Since being elected to the city marshal position two months ago, John Erisman has been steadily adjusting to a new set of responsibilities while re-organizing and re-structuring the police department.
Erisman says he takes the new position very seriously and has made some changes to insure his team is not only are as safe as they can be, but are offering the community they serve the best protection they can.
“Increasing the budget for training is very important to me. More training for the officers allows them to be better prepared for the situations they face and that in turn lets the officers provide more coverage and protection for the community. It is a beneficial situation for everyone,” Erisman said.
The additional training budget is part of a plan that will require any new additions to the department to undergo a more comprehensive training period based on the years of experience the officer has. An officer that is considered to be a veteran will undergo eight weeks of in house training and an officer that has less than three years of prior experience will undergo a more lengthy 17 week training session also provided in house.
“I want to provide my officers the best training we can offer because it helps the transition into a new department or new role go more smoothly,” he said.
As well as increased training for any new hires, the department is also in the process of sending veteran officers with the department back to school for additional training.
“Eventually what I would like to see for the department is a situation where we don’t have to send officers away for additional or specialized training because we have officers trained that can offer advanced training in various fields. In the long run, not only will it allow the department to be better prepared to handle different situations, but it will also save money in the budget that can be put to use elsewhere,” Erisman said.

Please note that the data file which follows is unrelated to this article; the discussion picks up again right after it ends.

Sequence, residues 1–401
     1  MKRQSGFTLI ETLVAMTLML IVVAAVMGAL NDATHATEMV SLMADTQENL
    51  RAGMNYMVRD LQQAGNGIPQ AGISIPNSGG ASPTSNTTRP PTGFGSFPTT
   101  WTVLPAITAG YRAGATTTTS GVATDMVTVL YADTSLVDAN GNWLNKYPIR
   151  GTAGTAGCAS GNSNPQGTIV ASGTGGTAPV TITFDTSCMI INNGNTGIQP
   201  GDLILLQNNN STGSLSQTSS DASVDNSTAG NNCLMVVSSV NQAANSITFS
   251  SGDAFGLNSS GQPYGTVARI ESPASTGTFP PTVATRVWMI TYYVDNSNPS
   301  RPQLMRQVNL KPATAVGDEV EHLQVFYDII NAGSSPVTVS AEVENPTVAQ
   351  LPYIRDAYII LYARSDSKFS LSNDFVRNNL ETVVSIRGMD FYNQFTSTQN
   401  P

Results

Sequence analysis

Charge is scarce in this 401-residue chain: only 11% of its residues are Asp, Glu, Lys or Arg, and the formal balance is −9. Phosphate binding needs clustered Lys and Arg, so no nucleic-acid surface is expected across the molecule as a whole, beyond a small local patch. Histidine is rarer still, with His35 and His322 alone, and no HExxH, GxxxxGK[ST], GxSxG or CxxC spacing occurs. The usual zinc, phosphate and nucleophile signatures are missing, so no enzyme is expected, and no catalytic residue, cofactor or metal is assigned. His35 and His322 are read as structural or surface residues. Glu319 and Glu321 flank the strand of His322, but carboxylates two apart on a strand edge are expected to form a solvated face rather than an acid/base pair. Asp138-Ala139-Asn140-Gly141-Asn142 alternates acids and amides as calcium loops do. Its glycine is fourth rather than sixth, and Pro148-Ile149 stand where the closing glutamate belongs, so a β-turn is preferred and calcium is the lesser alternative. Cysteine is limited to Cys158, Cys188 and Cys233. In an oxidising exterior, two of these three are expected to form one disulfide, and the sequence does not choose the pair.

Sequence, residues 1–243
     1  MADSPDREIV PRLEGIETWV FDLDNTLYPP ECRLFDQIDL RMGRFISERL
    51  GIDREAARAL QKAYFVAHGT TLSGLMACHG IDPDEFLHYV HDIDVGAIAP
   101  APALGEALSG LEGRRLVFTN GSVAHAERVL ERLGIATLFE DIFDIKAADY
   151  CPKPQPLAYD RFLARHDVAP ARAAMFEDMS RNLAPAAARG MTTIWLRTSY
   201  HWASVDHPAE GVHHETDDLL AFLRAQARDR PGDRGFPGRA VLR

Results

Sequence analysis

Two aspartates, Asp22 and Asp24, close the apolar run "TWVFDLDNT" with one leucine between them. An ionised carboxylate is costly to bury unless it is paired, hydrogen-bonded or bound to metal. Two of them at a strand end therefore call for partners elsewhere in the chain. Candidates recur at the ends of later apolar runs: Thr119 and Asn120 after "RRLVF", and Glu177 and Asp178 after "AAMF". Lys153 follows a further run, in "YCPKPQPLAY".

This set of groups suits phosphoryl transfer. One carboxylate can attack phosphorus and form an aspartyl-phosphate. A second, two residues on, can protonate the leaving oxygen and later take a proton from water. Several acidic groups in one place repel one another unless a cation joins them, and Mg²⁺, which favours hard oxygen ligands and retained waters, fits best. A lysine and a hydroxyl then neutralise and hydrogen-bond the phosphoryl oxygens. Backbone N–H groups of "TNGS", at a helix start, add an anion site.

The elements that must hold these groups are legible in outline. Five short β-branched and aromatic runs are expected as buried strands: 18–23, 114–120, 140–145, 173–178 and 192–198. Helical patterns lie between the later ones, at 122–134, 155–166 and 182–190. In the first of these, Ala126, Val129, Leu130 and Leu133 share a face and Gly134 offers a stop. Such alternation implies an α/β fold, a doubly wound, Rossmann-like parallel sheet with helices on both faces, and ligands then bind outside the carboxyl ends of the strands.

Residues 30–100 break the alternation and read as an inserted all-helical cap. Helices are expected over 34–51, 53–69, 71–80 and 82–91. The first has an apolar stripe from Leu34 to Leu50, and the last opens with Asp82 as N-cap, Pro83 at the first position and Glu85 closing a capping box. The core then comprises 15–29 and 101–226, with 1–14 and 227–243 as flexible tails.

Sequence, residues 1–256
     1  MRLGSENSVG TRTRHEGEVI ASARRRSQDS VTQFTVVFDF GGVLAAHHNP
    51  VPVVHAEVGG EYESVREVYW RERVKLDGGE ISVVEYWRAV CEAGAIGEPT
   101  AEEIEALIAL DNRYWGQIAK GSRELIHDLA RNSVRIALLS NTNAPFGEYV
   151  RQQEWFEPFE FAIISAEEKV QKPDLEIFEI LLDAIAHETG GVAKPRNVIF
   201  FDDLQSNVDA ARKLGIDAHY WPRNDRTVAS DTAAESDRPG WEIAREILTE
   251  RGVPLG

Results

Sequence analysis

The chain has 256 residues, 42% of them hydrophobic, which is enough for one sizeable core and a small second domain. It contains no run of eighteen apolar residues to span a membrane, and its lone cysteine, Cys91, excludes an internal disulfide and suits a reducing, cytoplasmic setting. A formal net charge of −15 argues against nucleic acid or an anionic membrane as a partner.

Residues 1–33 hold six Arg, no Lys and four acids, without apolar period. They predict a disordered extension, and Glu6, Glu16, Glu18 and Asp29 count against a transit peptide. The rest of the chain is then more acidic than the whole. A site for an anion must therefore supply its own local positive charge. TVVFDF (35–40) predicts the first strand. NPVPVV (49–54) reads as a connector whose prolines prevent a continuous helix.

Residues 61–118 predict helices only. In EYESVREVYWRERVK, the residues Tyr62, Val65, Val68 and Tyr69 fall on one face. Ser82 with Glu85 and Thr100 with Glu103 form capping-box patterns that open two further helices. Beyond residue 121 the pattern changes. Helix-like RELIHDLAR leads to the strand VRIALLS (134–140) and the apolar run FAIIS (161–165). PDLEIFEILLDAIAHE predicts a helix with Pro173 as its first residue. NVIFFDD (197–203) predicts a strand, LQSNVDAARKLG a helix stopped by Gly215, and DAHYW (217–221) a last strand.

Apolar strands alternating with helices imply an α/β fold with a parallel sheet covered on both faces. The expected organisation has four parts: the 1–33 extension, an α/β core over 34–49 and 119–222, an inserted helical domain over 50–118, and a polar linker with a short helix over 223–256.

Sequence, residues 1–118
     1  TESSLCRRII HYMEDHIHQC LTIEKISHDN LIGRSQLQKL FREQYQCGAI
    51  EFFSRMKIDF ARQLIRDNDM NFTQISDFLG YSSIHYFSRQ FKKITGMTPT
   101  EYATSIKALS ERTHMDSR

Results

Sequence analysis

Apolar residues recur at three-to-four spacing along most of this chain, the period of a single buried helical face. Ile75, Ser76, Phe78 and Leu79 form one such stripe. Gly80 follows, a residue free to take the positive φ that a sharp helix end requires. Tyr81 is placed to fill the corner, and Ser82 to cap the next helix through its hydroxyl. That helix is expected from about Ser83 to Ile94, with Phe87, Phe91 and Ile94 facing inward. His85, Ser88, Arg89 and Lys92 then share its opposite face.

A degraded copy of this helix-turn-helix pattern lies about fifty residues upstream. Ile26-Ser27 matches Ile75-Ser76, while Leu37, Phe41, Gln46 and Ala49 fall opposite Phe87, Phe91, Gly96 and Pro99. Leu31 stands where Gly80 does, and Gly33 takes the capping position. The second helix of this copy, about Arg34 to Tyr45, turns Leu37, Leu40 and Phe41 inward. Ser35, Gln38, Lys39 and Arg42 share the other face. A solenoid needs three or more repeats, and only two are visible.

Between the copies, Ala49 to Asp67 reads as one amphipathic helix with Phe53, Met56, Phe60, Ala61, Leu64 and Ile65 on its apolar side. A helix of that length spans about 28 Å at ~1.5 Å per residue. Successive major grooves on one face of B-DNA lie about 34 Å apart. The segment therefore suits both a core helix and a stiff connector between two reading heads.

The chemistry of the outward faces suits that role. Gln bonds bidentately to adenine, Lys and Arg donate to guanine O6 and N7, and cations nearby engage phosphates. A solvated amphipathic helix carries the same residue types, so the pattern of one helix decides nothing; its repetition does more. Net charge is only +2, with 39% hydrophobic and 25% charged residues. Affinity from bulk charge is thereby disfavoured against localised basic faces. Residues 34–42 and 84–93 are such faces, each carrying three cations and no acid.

Another new feature for the department is an updated computer system that will allow officers to file all their reports and paperwork from their squad cars. The added feature will increase the visibility of the officers in the community acting as a crime deterrent and decrease the response time got units to reach a situation when called.
“I believe that because the officers will already be in their cars and out in the community instead of filing reports, that the time it takes them to respond to a call will be that much faster because of their location,” he said.
The computer system has been installed in the police department and will be installed in all squad cars after a few kinks have been worked out and the providers of the service are fully prepared to have the service operational. The service is expected in the next few weeks.
Having the department more involved in the community and allowing the community more access to the officers is something Erisman feels will only help decrease crime in the community.
“We do everything we can to keep the community safe but having a better relationship between the community and the department would help us tremendously. Having the citizens feel comfortable to approach the officers with concerns and information can keep us better informed and more aware of situations that we can help with. The best way to handle crime is to prevent it before it occurs,” Erisman said.
Erisman has a special interest in the police department, not only as the new city marshal but because of the city it protects.
“I was born and raised in Ennis, all my family and friends are here and I take a lot of pride in calling Ennis home. I want to see the police department continue to move forward and to help the community and city run smoother because I see great things for the future,” he said.
Moving forward, Erisman plans to lead his department by example. He hopes he is helping to provide an environment where his officers are excited about coming to work and a place where they can see how integral they are to bringing about change and helping their community prosper.
“I try to lead by example and I hope they respect me for it. I want to do what’s right and set an example not only for their careers but for their involvement in the community. I try to set an example or standard of what is acceptable,” he said.
New programs and additional training are steps toward the future that Erisman feels will benefit the community. He wants change that is measured and responsible but will benefit the community he serves.
“Things will move forward and hopefully benefit us all but it won’t happen without support from the community and time to make sure it will work. I will not sacrifice quality for expedience,” he said.
Erisman cites support from his fellow officers, the city administration and the community for the reason his transition over the last several months has been smooth and successful.
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